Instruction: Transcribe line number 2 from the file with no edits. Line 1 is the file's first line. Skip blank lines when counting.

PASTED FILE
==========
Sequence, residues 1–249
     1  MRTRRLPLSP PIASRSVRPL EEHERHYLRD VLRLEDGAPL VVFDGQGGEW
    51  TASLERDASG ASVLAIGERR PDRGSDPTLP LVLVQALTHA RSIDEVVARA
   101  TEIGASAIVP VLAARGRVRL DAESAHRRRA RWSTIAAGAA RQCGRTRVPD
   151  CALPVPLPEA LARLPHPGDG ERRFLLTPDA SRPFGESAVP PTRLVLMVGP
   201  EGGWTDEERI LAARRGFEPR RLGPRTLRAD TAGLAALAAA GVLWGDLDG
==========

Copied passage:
     1  MRTRRLPLSP PIASRSVRPL EEHERHYLRD VLRLEDGAPL VVFDGQGGEW